the sellers didn’t disclose a gas leak and covered it up with black electrical tape and buried it.

UPDATED: Sep 30, 2022

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the sellers didn’t disclose a gas leak and covered it up with black electrical tape and buried it.

We purchased our house 3 months ago, we had an inspection and was told everything checked out. This weekend we put in new windows and found out we had a gas leak. The gas company came and shut off the gas the plumber came and we had to dig the pipe up in which we found that the pipe it self was paper thin and they had wrapped black electrical tape around the pipe and buried it. They also didn’t

disclose that the boiler had a block in the line so that side of the house doesn’t heat and the old owners shut that pipe off because of the blockage. We have had the plumber come out 4 different times now same company and find something new that the old owners hid for the purchase

Asked on January 23, 2017 under Real Estate Law, Indiana


SJZ, Member, New York Bar / FreeAdvice Contributing Attorney

Answered 6 years ago | Contributor

Yes, if you can prove that the sellers knew of the problems (or logically must have known of them; i.e. based on the facts and circumstances, it is not reasonable that they did not in fact know) but still failed to disclose them, then they likely committed fraud, and fraud would provide a basis to sue them for your losses or costs, such as the cost to repair or remediate the conditions. The key issue will be what they knew, and what you can prove they knew or must have known: if they did not know (e.g. if the pipe was shoddily repaired and buried by the person who owned the home before them, and the ones you bought from never discovered it), then they did not lie or misrepresent, did not commit fraud, and would not be liable.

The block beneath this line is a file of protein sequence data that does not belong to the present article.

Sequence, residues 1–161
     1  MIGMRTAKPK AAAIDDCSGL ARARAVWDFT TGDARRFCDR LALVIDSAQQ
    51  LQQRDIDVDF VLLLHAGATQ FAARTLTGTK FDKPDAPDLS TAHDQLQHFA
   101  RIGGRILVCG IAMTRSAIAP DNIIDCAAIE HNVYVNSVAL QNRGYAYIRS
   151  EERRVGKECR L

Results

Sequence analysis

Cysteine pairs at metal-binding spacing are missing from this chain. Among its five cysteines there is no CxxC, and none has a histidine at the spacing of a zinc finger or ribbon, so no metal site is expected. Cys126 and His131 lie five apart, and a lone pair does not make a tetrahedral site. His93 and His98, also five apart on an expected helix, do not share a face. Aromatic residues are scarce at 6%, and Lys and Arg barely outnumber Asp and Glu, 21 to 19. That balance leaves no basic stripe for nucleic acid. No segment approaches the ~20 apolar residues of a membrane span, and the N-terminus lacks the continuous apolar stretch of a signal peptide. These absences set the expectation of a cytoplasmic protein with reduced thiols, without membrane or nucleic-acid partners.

IMPORTANT NOTICE: The Answer(s) provided above are for general information only. The attorney providing the answer was not serving as the attorney for the person submitting the question or in any attorney-client relationship with such person. Laws may vary from state to state, and sometimes change. Tiny variations in the facts, or a fact not set forth in a question, often can change a legal outcome or an attorney's conclusion. Although has verified the attorney was admitted to practice law in at least one jurisdiction, he or she may not be authorized to practice law in the jurisdiction referred to in the question, nor is he or she necessarily experienced in the area of the law involved. Unlike the information in the Answer(s) above, upon which you should NOT rely, for personal advice you can rely upon we suggest you retain an attorney to represent you.

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